Welcome to a secure future: VMware, AMD and Samsung are leading the industry into a new era
Companies create an open framework for confidential computing.
At the summit Confidential Computing Summit 2023 San Francisco company VMware announced a partnership with AMDSamsung and community representatives RISC-V (Antmicro, Alibaba, Western Digital, etc.) to create an open and cross-platform framework for developing and running applications that use hardware for confidential computing.
Confidential Computing is a technology that protects applications and their data from being stolen or hacked by placing them inside a secure area of memory or a Trusted Execution Environment (TEE). The technology uses hardware security mechanisms to prevent access to the memory area from anything outside it, including the host operating system and any other application code.
VMware argues that such security mechanisms can be especially important in the context of applications running in multi-cloud environments.
In addition, the concept of confidential computing offers additional features such as multi-user processing and analytics. In this scenario, multiple users submit their private data for analysis in a secure area, allowing for more extensive results than could be provided by each individual user’s data.
However, VMware notes that, like many useful hardware features, they will not be widely adopted until it becomes easier to develop applications in the new paradigm.
VMware claims that this is the goal of the framework Certifier Framework for Confidential Computingwhich provides platform-independent support for defining and enforcing trust policies to secure workloads on on-premises and third-party infrastructures, including multi-cloud environments.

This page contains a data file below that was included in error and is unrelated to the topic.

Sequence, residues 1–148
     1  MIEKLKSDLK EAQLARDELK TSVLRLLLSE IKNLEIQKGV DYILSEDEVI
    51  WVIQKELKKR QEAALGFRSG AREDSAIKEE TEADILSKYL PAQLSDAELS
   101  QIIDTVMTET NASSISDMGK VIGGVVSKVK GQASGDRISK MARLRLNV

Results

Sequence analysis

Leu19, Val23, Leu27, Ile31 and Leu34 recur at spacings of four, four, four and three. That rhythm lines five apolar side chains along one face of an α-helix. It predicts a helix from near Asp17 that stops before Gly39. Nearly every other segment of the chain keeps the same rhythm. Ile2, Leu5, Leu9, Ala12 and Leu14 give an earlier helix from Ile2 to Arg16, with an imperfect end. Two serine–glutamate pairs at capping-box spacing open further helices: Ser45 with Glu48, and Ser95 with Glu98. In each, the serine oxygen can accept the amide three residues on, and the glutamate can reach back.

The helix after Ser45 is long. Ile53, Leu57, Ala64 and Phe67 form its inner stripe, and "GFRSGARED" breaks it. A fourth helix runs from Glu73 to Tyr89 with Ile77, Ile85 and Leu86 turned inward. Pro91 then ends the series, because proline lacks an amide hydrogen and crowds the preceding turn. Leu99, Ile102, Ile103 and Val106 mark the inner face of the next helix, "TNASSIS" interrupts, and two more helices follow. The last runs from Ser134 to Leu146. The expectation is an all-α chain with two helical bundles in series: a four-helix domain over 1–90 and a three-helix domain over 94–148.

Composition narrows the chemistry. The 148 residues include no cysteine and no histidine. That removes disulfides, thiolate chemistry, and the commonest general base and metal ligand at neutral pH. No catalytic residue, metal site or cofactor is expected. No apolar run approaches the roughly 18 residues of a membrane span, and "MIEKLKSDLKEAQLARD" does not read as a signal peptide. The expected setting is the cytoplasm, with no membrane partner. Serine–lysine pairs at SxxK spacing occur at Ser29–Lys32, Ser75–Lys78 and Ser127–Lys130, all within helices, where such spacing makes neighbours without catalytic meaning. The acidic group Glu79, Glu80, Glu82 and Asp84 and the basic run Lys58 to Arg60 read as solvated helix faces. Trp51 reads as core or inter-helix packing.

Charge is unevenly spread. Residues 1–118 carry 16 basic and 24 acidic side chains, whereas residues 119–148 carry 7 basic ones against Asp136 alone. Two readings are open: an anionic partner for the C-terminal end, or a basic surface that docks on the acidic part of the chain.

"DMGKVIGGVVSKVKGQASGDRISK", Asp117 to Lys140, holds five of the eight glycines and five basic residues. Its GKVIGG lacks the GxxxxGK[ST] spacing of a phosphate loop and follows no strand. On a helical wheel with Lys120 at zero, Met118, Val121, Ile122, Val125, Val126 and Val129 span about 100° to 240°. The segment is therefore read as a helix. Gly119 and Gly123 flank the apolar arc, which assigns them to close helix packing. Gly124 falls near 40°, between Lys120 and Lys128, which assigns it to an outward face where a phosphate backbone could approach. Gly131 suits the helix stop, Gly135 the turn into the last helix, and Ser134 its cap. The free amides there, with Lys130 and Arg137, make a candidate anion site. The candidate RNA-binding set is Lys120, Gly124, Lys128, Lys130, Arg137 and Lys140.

VMware has announced its research efforts and development of the Certifier Framework by making its source code publicly available. Support from AMD and Samsung (which develops chips for smartphones in-house) ensures that both x86 and Arm architectures are included in the project. Also playing a key role is the Keystone project, which develops support for confidential computing on RISC-V processors.
According to VMware, the Certifier Framework consists of two parts:
- application development library (API), which allows the developer to either port an existing written application or develop a new one with minimal effort. The API supports multiple platforms for confidential computing, so there is no need to rewrite the application that uses the framework when moving to another platform.
- Certifier ServiceA consisting of multiple server applications that evaluate policy and manage trust relationships in a security domain. The goal of this service is to provide a scalable way to deploy multiple privacy computing and security policy enforcement applications.
Initiative participants demonstrated the technology at the Confidential Computing Summit, including demonstrations of universal trust management between the client and the cloud across different hardware platforms. Readers interested in the initiative can check out the framework Certifier Framework for Confidential Computing on Github .